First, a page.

Assessment Part A: Critically Evaluating an Argument
Build your mindmap.
Arts and Sciences (Advantage): Lots of flexibility in career choices: Logically Sound Arts and Sciences (Disadvantage): Leads to a career in food service - 'Do you want fries with that?': Irrational Appeal Education (Advantage): The best way to make a difference in the world: Oversimplifying Education (Disadvantage): Guaranteed low paying job: Either/Or Thinking Nursing (Advantage): People always will need nurses: Oversimplifying Nursing (Disadvantage): Too much schooling (according to Theo, the Law student): Double Standard Information Systems and Technology (Advantage): No other degree concentration is as innovative (according to Grace): Overgeneralization Information Systems and Technology (Disadvantage): Too limited in scope for much advancement in business situation (according to Ritesh): Avoiding the Issue Business (Advantage): Infinite career options (according to Ritesh): Double Standard Business (Disadvantage): Boring work, stuck behind a desk all day: Overgeneralization Health and Human Services (Advantage): All the benefits of Arts and Sciences, but vastly more focused and relevant: Logically Sound Health and Human Services (Disadvantage): Job options are all in very un-creative fields.: Irrational Appeal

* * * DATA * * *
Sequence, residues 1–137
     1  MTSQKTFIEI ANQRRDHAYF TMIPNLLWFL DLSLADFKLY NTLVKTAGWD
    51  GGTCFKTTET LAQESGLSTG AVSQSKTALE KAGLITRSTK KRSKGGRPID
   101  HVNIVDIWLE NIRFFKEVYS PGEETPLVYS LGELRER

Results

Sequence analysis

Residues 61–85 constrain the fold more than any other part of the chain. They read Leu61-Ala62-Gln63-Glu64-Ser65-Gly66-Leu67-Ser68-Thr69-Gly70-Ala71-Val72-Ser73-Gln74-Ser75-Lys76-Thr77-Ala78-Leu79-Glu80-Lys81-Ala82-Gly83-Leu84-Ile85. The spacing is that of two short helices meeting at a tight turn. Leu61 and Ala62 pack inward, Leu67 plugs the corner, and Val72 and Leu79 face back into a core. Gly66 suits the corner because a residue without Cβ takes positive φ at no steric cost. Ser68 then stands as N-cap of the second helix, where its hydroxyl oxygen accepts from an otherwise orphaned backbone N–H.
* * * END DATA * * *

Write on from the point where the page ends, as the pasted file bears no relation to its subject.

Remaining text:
Assessment Part B: Articulating the Steps Involved in Evaluating an Argument Write out the two most compelling arguments you heard that affected your decision. Next, list one that you heard that had a big logical error in it, but which you still thought was important. The two most compelling arguments I heard that affected my decision were that every company needs IT people and there would be a multitude of opportunities. The one argument that I heard that had a big logical error in it, but which I still thought was important was that an IT degree was too limited in scope...